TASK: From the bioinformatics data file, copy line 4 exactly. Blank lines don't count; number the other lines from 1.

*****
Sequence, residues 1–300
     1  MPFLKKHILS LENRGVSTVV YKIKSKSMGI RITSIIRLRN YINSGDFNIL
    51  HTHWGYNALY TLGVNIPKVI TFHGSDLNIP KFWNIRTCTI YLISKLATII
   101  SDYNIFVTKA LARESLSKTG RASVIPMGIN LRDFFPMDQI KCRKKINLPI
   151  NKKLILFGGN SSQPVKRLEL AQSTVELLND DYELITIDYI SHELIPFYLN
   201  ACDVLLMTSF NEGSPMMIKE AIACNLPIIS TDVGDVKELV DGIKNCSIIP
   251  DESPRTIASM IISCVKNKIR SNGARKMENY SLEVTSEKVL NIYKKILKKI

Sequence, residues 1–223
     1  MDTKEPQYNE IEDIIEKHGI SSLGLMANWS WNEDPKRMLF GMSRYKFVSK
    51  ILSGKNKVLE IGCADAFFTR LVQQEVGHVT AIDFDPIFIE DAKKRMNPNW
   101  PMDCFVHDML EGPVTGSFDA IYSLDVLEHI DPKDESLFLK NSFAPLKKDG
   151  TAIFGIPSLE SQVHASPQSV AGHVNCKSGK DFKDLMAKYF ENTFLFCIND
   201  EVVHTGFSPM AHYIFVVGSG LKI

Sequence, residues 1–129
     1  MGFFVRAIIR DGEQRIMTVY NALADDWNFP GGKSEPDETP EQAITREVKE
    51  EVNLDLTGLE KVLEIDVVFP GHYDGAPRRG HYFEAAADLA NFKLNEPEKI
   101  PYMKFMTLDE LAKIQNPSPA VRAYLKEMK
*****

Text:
   101  SDYNIFVTKA LARESLSKTG RASVIPMGIN LRDFFPMDQI KCRKKINLPI